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Decimal time The ancient Egyptians used their digits to count almost everything in tens. They used a solar calendar with 36 ten-day weeks or twelve 30-day months plus five dog days and, later on, a leap day at the end of every fourth year. They divided daylight into ten hours and then added another two hours for twilight and twelve hours for night, which varied with the seasons. They also found that there are approximately 100,000 heartbeats in a day. Instead of dividing the day in the decimal way, Greek astronomers used 24 equal hours then divided these, in the Babylonian hexadecimal way, into 60 firsts and 60 seconds, which they could not measure accurately. This system was used in mechanical clocks until the French Revolution when digital calendars and decimal clocks were adopted, then abandoned. Decimal time divides the mean solar day into ten decidays or decs, one hundred centidays or cens and one thousand millidays or mils. One fixed atomic tik is almost the same as one variable cosmic microday.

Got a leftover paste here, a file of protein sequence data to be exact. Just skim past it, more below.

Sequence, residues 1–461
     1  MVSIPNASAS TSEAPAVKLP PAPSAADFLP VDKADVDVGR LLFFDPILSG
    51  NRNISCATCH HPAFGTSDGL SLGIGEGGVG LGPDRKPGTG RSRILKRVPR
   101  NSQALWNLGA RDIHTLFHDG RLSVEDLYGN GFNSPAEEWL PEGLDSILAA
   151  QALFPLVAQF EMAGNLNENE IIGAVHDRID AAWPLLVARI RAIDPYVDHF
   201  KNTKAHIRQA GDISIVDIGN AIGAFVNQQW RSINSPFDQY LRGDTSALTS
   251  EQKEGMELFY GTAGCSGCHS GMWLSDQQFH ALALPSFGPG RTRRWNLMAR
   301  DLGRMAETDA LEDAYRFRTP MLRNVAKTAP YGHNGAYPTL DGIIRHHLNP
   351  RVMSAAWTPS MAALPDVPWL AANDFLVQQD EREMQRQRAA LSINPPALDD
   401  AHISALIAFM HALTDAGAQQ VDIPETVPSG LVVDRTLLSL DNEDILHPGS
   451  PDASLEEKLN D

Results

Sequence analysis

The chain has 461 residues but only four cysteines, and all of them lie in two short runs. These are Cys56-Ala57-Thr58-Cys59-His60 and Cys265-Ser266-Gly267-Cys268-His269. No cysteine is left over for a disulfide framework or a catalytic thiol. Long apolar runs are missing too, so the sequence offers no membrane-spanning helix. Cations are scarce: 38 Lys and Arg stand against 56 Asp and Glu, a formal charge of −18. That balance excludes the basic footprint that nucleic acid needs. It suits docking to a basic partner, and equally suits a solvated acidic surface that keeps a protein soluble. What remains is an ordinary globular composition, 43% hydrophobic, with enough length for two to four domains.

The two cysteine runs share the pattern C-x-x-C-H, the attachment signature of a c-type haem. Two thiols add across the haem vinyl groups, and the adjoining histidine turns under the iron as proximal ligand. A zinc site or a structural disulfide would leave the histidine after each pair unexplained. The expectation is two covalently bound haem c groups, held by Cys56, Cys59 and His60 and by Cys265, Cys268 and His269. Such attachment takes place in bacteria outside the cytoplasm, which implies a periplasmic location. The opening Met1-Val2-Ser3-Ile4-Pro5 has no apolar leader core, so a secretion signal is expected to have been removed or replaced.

Single zone Time zones divide our human race with unnecessary, imaginary barriers. There are twenty-four sea-time zones and some forty land-time zones. There should be no divisive time zones, nor daylight saving measures, because the age, date and time should be the same everywhere on Earth. We do not need clocks and laws to tell us when we should start and stop work because the sun provides us with natural daylight, which is free. Working in daylight would help to save a great deal of expensive energy. We no longer use sundials so the hands on clocks or watches no longer need to point upwards at midday and many of us prefer digital ones. International communications make it imperative to use the same time. This has been realised by some internet surfers who use decimal watches displaying 1000 millidays as an alternative to 24 hours and 60 minutes.


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